Can you explain how YouTube channels can help businesses?

Steve says that channels are like a hub for hosting videos. Traditionally channels themselves aren’t traffic drivers. The traffic is coming from views from related videos. But there’s a new model for channels that’s being rolled out. It’s going to allow users to track what’s happening on channels and stay within that area of YouTube.

In social media in general, are most of the success stories B2C rather than B2B?

Richard says he sees the success stories split 50/50. Ricardo sees more Twitter success with B2C. Martin says that one of the issues he always tries to solve is the scalability issue of B2C on social media. In B2B cases he thinks the communication models need to scale. Richard reminds the audience that social media is a media channel. It needs to be alongside the right relevant content.

What are your Quick practical tips?

Martin: Focus on the interaction between users that step forward by opt-in and their friends.

Richard: Don’t forget that social media is a media channel.

Steve: A lot of the social media activity you take advantage of will multiply in effect when picked up by traditional media.

Ricardo: Make it personal by exposing the people behind the account. And to be retweeted, leave ample characters for RT text.

Virginia Nussey is the director of content marketing at MobileMonkey. Prior to joining this startup in 2018, Virginia was the operations and content manager at Bruce Clay Inc., having joined the company in 2008 as a writer and blogger.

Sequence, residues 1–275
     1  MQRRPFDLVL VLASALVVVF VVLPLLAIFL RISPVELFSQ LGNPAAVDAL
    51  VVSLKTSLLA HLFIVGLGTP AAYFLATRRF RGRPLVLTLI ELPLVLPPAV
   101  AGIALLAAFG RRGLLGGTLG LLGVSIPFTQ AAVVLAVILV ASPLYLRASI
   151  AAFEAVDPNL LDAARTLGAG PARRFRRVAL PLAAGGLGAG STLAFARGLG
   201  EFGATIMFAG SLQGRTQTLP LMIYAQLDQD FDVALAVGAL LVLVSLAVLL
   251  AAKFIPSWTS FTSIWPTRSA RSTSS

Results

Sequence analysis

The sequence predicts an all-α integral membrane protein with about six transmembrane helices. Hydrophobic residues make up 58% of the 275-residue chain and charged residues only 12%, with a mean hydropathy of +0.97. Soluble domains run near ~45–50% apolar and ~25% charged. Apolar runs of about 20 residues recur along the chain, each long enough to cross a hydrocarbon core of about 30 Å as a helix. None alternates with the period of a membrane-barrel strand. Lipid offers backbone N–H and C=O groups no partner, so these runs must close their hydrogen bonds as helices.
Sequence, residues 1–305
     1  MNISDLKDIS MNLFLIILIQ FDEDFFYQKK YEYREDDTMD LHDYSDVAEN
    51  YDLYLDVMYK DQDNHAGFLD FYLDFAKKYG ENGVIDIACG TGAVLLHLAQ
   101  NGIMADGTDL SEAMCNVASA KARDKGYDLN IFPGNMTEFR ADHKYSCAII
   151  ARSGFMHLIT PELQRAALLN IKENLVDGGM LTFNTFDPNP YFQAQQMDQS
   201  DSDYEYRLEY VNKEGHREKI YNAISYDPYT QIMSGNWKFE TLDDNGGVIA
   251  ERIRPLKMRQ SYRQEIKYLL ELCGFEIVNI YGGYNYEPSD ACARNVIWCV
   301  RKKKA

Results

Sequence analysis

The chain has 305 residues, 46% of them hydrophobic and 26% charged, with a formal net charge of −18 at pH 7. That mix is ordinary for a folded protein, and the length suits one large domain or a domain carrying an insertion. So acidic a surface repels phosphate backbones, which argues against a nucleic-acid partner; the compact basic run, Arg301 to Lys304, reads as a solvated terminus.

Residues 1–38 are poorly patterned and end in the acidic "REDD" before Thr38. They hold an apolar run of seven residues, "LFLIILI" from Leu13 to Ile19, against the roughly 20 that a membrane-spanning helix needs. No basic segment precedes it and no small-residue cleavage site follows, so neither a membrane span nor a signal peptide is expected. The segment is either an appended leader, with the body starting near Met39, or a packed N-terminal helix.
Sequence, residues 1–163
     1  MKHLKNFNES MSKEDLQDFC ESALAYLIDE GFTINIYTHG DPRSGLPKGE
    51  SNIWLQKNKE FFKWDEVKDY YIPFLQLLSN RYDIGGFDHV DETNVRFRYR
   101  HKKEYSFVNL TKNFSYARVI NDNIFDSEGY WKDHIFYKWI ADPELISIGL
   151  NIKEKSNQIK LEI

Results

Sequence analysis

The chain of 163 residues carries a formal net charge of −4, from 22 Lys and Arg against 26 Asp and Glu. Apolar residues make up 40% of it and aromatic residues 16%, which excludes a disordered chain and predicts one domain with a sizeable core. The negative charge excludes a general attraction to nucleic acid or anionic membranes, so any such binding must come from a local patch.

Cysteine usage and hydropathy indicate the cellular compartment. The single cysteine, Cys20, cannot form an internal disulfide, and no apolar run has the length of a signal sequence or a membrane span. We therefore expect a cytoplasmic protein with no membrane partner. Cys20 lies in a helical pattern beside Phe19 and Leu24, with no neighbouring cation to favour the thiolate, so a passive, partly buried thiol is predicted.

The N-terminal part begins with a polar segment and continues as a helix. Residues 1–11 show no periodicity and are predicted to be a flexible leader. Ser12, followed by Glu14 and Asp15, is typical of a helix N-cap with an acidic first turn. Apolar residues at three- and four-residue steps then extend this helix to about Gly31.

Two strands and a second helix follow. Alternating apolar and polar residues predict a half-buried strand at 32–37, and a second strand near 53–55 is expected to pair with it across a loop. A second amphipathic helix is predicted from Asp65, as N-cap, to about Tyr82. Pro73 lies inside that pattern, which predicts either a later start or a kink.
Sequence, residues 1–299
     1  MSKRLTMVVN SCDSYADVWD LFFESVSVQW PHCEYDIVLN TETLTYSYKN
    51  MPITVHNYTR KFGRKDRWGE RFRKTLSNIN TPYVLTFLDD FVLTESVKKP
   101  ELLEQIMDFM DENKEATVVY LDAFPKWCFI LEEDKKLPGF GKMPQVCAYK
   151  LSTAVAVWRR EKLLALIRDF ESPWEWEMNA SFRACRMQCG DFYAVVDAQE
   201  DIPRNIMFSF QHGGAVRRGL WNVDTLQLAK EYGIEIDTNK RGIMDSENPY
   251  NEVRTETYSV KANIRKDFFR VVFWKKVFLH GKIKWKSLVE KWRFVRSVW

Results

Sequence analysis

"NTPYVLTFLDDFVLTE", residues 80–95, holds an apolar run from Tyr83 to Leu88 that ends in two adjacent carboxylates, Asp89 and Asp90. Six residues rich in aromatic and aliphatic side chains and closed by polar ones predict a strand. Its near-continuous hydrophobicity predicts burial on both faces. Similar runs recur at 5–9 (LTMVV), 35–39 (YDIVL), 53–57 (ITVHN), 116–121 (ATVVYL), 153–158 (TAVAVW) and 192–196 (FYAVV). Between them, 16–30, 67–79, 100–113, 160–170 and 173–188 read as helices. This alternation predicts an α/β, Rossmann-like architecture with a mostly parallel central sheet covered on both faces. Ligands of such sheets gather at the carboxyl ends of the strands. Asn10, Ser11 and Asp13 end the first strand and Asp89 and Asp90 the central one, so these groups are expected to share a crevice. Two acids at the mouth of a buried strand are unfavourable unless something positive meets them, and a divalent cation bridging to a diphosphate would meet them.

See Virginia's author page for links to connect on social media.

Comments (3)
Filed under: Social Media Marketing
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3 Replies to “In the Now: Conversational & Real Time Marketing”

Virginia Nussey

No prob, Ricardo. I thought it’d be a pretty sad omission without it! Thanks for the link to your presentation — check it out, peeps!

Nice job, Susan & Viriginia! Appreciate you following up with me to get my tip in when I wasn’t able to share it with the audience.
BTW- since I didn’t get to give a tip, I’m encouraging folks to view my Twitter for Business presentation on SlideShare:
Take care,
— Ricardo Guerrero

Nice job, Susan & Viriginia! Appreciate you following up with me to get my tip in when I wasn’t able to share it with the audience.

Take care,

— Ricardo Guerrero